For starters, protection is often used in films as a catalyst for romantic growth, and I think that was evident here. The film subtly hints at a burgeoning romance between Rey and Finn. He admits a level of affection for her based on how she looked at him. He also attempts rather foolishly to saber-battle with Kylo Ren on her behalf, and it nearly kills him. Despite repeatedly rejecting his unrequested protection, she ends his screen time by affectionately wishing to see him again, giving him a comatose forehead kiss. It’s suggested that Rey has long dealt with overprotective men if you consider her initial reaction to Han Solo’s offer of a free blaster, so this is clearly an irritant and a turnoff for her. It isn’t wrong for the two to have a level of mutual affection for each other as outcasts and warriors for good, but why does it need to enter kiss territory? Why does Rey, a new member of a spiritual tribe that clearly eschews romantic relationships (for obvious reasons), have to play the part of the female romantic lead when the film has no real need for it?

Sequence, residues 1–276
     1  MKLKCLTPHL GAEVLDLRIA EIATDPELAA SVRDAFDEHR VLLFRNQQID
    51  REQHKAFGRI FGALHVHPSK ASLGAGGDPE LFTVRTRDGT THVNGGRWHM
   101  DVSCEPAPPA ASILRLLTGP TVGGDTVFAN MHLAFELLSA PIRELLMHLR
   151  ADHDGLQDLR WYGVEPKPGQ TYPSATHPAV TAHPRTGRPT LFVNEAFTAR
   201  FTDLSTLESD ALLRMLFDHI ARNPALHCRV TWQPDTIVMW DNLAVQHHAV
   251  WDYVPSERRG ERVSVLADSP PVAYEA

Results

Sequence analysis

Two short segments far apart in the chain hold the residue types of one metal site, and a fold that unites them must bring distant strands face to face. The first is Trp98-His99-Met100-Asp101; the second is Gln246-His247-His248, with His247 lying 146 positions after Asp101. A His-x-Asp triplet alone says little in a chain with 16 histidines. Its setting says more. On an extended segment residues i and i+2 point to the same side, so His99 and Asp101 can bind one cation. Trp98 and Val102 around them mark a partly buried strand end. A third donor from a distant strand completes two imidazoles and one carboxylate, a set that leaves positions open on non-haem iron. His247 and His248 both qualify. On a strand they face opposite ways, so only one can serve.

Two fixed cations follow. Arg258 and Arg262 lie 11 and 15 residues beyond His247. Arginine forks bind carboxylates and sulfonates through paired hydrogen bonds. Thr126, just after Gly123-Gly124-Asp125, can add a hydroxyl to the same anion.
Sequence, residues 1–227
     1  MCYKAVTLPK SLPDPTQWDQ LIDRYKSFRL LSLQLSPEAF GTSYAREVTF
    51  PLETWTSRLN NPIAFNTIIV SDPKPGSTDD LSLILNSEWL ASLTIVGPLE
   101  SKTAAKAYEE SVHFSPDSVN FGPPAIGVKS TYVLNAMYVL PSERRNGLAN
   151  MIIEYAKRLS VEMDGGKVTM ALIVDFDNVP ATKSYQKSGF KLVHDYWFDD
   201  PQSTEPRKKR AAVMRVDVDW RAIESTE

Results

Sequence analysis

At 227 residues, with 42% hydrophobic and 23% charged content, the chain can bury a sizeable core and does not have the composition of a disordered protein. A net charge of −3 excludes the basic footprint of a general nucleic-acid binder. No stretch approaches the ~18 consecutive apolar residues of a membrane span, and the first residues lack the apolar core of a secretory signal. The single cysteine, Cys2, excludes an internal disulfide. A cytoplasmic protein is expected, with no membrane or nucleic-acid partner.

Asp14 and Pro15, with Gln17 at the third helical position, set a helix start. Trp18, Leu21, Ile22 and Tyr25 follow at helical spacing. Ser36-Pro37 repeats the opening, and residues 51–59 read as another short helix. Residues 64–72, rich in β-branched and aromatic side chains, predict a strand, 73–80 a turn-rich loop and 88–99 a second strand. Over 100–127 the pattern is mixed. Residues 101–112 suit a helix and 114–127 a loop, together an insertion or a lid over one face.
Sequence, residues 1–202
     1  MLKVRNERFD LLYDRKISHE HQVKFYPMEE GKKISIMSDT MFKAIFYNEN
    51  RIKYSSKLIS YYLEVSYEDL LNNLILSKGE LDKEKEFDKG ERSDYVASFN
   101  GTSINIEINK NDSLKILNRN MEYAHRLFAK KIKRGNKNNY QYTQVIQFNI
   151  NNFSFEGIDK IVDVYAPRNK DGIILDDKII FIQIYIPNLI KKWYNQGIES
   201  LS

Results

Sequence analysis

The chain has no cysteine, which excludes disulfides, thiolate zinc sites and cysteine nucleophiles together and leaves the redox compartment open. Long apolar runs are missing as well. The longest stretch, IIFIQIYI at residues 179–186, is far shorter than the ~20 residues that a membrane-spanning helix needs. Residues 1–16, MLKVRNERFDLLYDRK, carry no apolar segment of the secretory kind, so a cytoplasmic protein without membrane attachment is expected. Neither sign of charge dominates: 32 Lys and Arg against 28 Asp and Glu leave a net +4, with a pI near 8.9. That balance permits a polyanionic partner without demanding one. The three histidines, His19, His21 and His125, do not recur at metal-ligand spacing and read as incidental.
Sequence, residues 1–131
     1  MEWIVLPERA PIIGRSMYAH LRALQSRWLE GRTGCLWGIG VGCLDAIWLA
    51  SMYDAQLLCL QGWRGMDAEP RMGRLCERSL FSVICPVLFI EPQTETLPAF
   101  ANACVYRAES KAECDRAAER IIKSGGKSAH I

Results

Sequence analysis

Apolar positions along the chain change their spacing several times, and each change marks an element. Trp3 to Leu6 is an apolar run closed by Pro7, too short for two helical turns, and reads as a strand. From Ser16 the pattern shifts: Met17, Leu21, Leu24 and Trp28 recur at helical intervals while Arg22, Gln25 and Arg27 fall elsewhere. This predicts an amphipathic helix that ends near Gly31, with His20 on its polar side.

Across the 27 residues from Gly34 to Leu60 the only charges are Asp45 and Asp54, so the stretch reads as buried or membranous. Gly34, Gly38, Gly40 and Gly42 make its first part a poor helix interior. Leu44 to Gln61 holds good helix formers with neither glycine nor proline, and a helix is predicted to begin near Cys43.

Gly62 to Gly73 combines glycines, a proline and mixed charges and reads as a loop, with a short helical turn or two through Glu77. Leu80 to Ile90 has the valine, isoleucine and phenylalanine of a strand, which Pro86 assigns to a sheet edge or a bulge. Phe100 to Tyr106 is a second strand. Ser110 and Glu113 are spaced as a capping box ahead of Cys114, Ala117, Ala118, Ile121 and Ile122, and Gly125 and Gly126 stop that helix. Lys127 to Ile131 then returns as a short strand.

Moreover, why does the film work so hard to demonstrate that she doesn’t need protection while simultaneously rewarding her protector? The hand-holding complaints weren’t spare dialogue to fill space, they were clearly there to illustrate Rey’s independence, over and over again. This irks me because the film already did an incredible job by demonstrating her skills as a salvage vulture living alone in a burned out wreck. As I watched the film both times, I kept comparing Ray (unfairly, I admit) to another trailblazing film heroine: Imperator Furiosa from Mad Max. Both are inarguably self-sufficient. Both can handle themselves in a physical battle. Both engage in acts of heroism that put themselves at dire physical risk. But Mad Max made no effort to suggest that Furiosa was special because she did these things as a female. By refusing to spell it out for us, it allowed her to stand on her own, and she became all the more formidable because of it. The Force Awakens seemed like it needed to sell us on Rey’s formidability, and that undermined her. Granted, Star Wars films are meant to appeal to children as well as adults, making it unable to take the kind of artistic risks Mad Max could. It is also entirely possible that the film needed to spell it out for all of our little sisters who can empathize. Still, showing instead of telling would have had a more powerful impact by allowing viewers to come to conclusions on their own.